[Freedombox-discuss] Android stick-PCs as a potential Commotion/FreedomBox/OpenWRT platform?
On Fri, Apr 26, 2013 at 8:00 PM, chris hall <bitmonki at gmail.com> wrote:
> Paul Gardner-Stephen <paul at servalproject.org> writes:
> > (snip!)
> > The newer generations of the Android stick-PCs have dual-core 1.5GHz ARM
> processors, 1GB of RAM and 16GB of
> > flash, dual-antenna 802.11n Wi-Fi (although the firmware is not ideal,
> more on that later), USB host port,
> > microSD slot, and HDMI out, all in a tiny thing about 80mm x 35mm x 15mm
> depending on the particular variant
> > you get. You get all that for under US$50, e.g., from geekbuying.com.
> I just ordered an MK808B, for reasons very similar to what you have
> I am developing an Erlang variant of FreedomBox, and was doing a fairly
> exhaustive survey of the more recent 'system on a board' offerings in
> order to find an initial system for a baseline and development.
> I'm really intrigued by Olinuxino (operating temperatures 0-70C!) and
> Beaglebone Black (both are Free/open hardware), but the former is a
> little expensive, while the latter isn't likely to be shipping in
> quantity anytime soon - the shortest leadtime I saw on the larger
> suppliers was 7 weeks, the rest were at 17 weeks and up.
> Plus, neither one has a case, etc., and are really more targeted at the
> Maker community.
These are indeed quite interesting.
>From a meshing perspective, what would be really nice is if one of these
had an Atheros Wi-Fi chipset so that it would be easy to do AP + ad-hoc
simultaneously, which is really what is needed if you want to allow phones
and other devices to easily participate in the mesh. I have emailed the
olinuxino people to see if they are interested in making such a thing.
Of course, it might be possible to get the realtek Wi-Fi chipset to do
this, but I don't know. Perhaps someone on one of these communities might
have the time and hardware on-hand to look into this.
In that case, it becomes easier.
With regard to cases etc, yes, that is a little annoying, but fairly easy
> >From a FreedomBox perspective, in addition to their computational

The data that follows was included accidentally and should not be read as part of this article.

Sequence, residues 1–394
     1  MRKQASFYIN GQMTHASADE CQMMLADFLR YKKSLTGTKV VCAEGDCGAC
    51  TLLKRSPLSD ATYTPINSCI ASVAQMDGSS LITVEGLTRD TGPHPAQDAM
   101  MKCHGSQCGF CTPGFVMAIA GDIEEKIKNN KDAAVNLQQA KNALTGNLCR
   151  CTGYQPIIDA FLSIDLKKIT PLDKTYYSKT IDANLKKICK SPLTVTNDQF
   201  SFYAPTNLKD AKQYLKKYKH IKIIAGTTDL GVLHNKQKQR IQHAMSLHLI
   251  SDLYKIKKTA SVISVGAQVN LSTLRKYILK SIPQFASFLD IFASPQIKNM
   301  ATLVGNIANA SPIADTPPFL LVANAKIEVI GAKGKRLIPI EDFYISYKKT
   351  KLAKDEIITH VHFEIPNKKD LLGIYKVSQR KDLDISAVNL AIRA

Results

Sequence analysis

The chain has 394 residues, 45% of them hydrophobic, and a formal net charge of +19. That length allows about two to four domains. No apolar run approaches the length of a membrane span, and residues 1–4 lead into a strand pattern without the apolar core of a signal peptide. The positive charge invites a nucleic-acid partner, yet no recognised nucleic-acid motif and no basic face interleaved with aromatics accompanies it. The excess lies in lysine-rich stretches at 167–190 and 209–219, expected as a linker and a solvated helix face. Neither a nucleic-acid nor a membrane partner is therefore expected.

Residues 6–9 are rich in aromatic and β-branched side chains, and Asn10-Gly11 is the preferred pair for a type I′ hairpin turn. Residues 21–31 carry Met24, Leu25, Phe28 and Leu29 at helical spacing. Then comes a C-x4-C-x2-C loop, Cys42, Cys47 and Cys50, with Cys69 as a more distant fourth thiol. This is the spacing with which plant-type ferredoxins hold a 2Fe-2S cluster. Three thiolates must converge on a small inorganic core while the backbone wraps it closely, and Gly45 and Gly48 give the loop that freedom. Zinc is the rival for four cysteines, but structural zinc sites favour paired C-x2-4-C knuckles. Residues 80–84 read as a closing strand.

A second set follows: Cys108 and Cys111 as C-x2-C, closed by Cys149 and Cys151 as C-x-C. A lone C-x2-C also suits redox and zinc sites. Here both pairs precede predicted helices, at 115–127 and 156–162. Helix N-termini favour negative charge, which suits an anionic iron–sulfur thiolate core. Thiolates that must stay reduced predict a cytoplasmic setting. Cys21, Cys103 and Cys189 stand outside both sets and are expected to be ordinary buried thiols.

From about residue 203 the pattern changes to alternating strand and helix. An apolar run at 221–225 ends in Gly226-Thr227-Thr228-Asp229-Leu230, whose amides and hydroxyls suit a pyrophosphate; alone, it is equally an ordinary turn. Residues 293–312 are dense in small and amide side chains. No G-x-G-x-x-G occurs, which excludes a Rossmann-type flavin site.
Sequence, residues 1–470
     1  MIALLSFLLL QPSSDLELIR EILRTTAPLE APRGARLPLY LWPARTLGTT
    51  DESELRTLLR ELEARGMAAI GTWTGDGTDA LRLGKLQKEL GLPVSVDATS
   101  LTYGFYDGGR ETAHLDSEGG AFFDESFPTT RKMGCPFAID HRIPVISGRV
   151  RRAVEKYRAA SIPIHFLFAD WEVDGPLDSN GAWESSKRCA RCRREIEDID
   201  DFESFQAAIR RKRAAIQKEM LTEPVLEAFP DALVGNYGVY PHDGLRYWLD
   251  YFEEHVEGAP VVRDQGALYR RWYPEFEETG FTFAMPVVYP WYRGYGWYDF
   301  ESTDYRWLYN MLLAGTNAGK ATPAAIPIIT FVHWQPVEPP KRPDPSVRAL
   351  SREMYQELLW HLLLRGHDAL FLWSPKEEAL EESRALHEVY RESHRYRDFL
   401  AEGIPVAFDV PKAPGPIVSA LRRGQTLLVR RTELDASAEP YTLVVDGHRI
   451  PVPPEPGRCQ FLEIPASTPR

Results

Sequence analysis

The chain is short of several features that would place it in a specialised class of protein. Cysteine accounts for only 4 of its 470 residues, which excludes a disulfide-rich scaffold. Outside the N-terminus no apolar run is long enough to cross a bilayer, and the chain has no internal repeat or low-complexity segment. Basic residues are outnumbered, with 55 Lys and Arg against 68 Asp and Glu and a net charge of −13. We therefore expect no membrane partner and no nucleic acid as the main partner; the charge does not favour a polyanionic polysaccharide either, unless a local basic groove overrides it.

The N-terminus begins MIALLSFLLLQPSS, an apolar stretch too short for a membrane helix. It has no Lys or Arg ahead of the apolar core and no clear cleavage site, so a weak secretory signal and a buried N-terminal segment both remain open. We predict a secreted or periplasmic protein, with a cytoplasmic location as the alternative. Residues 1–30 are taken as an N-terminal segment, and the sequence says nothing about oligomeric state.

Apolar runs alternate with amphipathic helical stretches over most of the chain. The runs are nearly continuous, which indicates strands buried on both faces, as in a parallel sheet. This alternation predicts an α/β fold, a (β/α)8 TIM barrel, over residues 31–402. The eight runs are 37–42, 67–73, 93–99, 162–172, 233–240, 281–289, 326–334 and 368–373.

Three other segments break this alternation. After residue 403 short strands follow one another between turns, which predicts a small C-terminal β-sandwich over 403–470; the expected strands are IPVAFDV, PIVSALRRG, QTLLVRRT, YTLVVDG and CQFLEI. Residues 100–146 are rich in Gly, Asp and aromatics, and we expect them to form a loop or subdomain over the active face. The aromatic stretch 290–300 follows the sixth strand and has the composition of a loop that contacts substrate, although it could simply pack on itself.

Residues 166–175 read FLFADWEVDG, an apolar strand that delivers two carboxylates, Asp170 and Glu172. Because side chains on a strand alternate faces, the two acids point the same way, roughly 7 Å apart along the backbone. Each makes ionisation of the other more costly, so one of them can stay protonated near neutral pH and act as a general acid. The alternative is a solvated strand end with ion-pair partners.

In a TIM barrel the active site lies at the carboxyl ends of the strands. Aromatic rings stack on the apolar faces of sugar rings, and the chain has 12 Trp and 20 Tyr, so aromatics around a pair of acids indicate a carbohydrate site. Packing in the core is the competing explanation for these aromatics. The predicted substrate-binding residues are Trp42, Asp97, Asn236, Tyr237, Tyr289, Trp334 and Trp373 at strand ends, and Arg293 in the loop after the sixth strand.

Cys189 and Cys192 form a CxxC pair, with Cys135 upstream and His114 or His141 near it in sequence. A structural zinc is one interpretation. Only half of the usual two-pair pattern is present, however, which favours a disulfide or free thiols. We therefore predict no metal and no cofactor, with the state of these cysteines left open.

> benefits, these ostensible TV/movie player doodads provide:
> * perfect cover for activists ("oh that, I just watch movies on it"),
> * significant interest in 'ordinary folks' ("you mean I can watch Netflix
> in HD on it, too? I'll take 3!")
Yes, dual-purpose hardware has many attractions beyond amortised price.
> > These typically come with a root-enabled ROM, and are very easy to flash
> with a complete new operating
> > system.
> The one I ordered has Android Jellybean (I think 4.1.1, but we'll see).
> Further, I discovered a couple of interesting apps on the
> Google Market today:
> * "Lil' Debi: Debian installer" from the Guardian Project. Installs
> Debian into a chroot, also intended to work with other Guardian
> project apps like their Tor proxy and secure chat.
> * "Debian Kit" Installs Debian as 'co-equal' with
> Android, will start servers, etc., intended for people who just want
> Debian on their phone or tablet. (Sweet!)
> http://sven-ola.dyndns.org/repo/debian-kit-en.html (appears to be part
> of the German FreiFunk (Free Radio?) project)
> Both require root.
> Does anyone have any thoughts they'd care to share re: Debian in a
> chroot under the Android kernel vs. side-by-side/as part of Android
I've not played with either. We are using a rooted Android 4.2.2 ROM for
the MK808B based on the Minix NEO X5. This rom includes lots of kernel
modules, which is normally the pain with other Android distributions if you
want to do things like plug in packet radios, which is important for us.
It looks like this rom can do ad-hoc Wi-Fi, but probably not simultaneous
ad-hoc + AP Wi-Fi, but I haven't figured out the right insmod magic to
manually control the Wi-Fi.
> I've never really played with chroot, but I understand apps launched from
> it can't (for the most part) 'see' the non-chroot part of the
> filesystem, but what about apps launched outside the chroot -- surely
> they can 'see' into it?
Yes, you have it roughly right. You an of course run an NFS or SMB server
on the outside part to serve controlled access to the chrooted part. You